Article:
Our Top Picks in Books
Book Suggestions for Kindergarten to Grade 2
Mandy by Julie Andrews Edwards
Mandy, a ten-year-old orphan, dreams of a place to call her own. Escaping over the orphanage wall to explore the outside world, Mandy discovers a tiny deserted cottage in the woods. All through the spring, summer, and fall, Mandy works to make it truly hers. Sometimes she “borrows” things she needs from the orphanage. Sometimes, to guard her secret, she even lies. Then, one stormy night at the cottage, Mandy gets sick, and no one knows how to find her – except a special friend she didn’t know she had.
The Watcher: Jane Goodall’s Life with the Chimps by Jeanette Winter
This picture book biography tells the story of the famous zoologist Jane Goodall, whose gift of observation led to years of studying chimpanzees.
Alexander and the Terrible, Horrible, No Good, Very Bad Day by Judith Viorst
Alexander and the Terrible, Horrible, No Good, Very Bad Day is about a boy named Alexander, who gets out of bed to face a day that seems to grow increasingly worse with each passing minute. He just cannot wait for his nightmare of a day to end!
Matilda by Roald Dahl
Matilda is a child prodigy who defends her teacher against the terrible school principal Mrs. Trunchbull. Children love learning about Matilda and her extraordinary powers.
The Kissing Hand by Audrey Penn
A lovely tale about Chester Raccoon, who wants desperately to remain home with Mom at the beginning of his first year of school. Despite her promises of new friends, fun, and experiences, Chester remains unconvinced. She then offers her own helpful idea, a time-honored family tradition. Excellent story for reluctant new students who miss their moms in those first beginning school days.
The Giving Tree by Shel Silverstein
“Once there was a tree…and she loved a little boy.” So begins the story of unforgettable perception, beautifully written and illustrated by the gifted and versatile Shel Silverstein. This book follows the life of a female apple tree and a boy who are able to communicate with each other. Every day the boy would come to the tree to eat her apples, swing from her branches, or slide down her trunk…and the tree was happy. However, as time passes he starts to make requests of the tree. After entering adolescence the boy wants money; the tree suggests that he pick and sell her apples, which he does. After reaching adulthood, the boy wants a house; the tree suggests he cut her branches to build a house, which he does. After reaching middle age, the boy wants a boat, the tree suggests he cut her trunk to make a boat, which he does, leaving only a stump. Each such stage of giving by the tree ends with the sentence “And the tree was happy.” In the final pages, the boy (now a shriveled old grandpa) meets the tree once more. The tree sadly states that she has nothing left to give, as her apples, branches, and trunk are gone and only a stump remains. But the boy wants only “a quiet place to sit and rest,” which the stump can provide. This is a tender story, touched with sadness, aglow with consolation. Shel Silverstein has created a moving parable for readers of all ages that offers an affecting interpretation of the gift of giving and a serene acceptance of another’s capacity to love in return.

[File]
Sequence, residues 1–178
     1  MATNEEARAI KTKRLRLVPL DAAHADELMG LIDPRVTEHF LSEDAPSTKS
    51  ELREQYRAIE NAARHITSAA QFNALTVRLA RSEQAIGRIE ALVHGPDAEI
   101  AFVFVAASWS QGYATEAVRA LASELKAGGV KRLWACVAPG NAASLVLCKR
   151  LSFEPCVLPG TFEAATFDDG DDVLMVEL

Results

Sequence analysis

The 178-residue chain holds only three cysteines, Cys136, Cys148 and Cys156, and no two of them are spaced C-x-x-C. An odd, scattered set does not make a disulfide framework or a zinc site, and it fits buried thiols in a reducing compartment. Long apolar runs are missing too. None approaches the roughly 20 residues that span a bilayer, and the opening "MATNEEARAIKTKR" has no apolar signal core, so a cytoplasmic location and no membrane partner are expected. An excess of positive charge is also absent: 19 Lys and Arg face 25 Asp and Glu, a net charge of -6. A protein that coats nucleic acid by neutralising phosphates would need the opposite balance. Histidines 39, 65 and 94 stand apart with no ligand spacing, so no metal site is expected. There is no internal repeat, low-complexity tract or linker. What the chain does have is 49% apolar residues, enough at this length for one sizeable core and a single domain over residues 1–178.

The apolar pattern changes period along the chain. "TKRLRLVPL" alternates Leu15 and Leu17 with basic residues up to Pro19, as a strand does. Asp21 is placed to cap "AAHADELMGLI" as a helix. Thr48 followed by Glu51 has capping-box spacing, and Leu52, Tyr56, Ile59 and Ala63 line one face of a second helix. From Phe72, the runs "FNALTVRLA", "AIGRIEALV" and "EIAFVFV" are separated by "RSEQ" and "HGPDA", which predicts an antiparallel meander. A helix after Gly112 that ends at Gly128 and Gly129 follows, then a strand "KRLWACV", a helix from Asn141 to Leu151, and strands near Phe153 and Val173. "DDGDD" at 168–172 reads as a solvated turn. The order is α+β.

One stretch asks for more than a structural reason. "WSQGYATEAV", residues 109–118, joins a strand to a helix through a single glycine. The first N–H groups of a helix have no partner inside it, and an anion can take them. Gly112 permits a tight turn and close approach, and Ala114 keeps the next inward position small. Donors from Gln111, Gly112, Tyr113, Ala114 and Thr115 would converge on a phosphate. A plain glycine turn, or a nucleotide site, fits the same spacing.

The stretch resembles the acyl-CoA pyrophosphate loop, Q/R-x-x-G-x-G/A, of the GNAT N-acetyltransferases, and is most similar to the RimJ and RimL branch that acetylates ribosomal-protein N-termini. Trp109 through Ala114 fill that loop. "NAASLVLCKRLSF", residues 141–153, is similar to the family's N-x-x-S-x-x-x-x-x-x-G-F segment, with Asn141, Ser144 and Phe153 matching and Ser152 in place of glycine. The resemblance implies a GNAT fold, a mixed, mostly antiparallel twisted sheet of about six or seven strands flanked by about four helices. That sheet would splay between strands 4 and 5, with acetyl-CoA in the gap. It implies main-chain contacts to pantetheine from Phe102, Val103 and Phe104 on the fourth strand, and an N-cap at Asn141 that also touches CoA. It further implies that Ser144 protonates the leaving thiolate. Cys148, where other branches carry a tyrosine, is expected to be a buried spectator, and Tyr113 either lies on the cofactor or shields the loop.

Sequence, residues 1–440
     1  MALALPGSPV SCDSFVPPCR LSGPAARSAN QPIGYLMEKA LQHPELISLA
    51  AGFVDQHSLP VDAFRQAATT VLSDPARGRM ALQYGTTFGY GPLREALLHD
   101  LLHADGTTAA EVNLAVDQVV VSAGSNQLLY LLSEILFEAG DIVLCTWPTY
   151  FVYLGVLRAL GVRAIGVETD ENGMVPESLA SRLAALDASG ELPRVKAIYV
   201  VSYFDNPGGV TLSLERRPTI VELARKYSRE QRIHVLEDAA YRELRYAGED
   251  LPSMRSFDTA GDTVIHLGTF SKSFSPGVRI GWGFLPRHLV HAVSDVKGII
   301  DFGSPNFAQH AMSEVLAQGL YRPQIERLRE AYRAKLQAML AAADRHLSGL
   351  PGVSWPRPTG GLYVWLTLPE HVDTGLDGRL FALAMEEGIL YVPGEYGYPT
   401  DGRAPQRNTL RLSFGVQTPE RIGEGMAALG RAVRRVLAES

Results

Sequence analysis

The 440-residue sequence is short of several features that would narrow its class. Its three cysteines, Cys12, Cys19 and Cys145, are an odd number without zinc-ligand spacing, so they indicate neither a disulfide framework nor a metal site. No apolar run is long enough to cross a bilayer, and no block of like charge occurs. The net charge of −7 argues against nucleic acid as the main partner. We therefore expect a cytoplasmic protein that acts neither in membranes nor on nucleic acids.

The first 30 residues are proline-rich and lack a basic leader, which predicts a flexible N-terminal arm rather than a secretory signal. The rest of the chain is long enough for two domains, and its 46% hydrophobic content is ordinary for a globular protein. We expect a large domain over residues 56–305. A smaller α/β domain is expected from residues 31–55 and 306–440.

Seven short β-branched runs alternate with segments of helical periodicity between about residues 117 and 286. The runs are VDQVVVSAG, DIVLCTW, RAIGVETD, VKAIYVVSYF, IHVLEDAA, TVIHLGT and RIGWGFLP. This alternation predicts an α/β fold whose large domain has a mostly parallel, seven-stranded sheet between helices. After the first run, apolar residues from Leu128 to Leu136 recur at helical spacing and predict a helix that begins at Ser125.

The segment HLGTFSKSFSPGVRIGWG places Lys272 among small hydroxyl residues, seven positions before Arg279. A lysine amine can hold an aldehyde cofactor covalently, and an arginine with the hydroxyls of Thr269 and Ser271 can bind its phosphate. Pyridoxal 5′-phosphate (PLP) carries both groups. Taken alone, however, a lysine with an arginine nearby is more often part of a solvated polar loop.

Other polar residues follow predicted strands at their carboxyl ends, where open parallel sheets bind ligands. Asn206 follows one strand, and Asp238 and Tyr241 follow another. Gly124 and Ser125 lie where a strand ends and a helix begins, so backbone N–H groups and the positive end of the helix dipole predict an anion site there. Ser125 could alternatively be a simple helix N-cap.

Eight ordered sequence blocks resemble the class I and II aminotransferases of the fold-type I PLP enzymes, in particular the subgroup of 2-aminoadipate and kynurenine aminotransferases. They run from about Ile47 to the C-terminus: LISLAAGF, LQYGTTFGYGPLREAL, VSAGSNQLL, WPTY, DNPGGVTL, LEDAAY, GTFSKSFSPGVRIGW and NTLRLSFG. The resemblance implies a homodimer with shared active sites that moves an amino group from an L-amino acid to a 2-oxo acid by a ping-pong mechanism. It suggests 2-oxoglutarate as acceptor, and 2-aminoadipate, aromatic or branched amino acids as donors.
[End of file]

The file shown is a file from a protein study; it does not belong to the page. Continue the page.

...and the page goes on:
Memoirs of a Goldfish by Devin Scillian
This book is sure to bring out the giggles in students as they follow the story about a goldfish who loves his solitary life. But one day things start to get a little crowded in his goldfish bowl as he is joined by a snail, guppies, a crab, Mr. Bubbles and Cha-Cha the angelfish. Fed up with having so many intruders, Goldfish screams for all of them to get out of his bowl. As the saying goes, be careful what you wish for, as Goldfish suddenly finds himself alone in a very small bowl. It was nice for but a few minutes, but time away from his companions has him thinking whether living a solitary life was a good decision.
Elephant and Piggie Book Series by Mo Willems
This delightful series written by children’s author Mo Willems chronicles the adventures of Gerald the Elephant and his best friend, Piggie.
Jigsaw Jones Mystery Series by James Preller
This series of books follows Jigsaw Jones, Private Eye, as he analyzes clues and solves mysteries.
Fire Engines by Anne Rockwell
A colorful, well-illustrated nonfiction book where children learn to identify specific words in the story. Children enjoy learning about the red and yellow fire engines.
Goldi Rocks and the Three Bears by Corey Rosen Schwartz & Beth Culton
This fractured fairy tale takes the classic “Goldilocks and the Three Bears” and mixes it with the pop culture show “The Voice” to get a very updated, amusing new story that The Brothers Grimm would applaud. It all kicks off when The Three Bears, who really know how to rock in their family band, decide they need a singer. When they go off to audition possible candidates, Goldi comes along, lets herself into their music studio, and falls asleep on Baby Bear’s keyboard. When she awakes, and lets out a perfect “high C” at the sight of the Bear Family, they begin to wonder if they’ve found what they’ve been searching for.
Whistle for Willie by Ezra Jack Keats
This story is about a boy who longs to whistle so he can call his dog.
How Far Will I Fly by Sachi Oyama
This story is about a little boy asking typical young questions of his grandmother.
Tree of Birds by Susan Meddaugh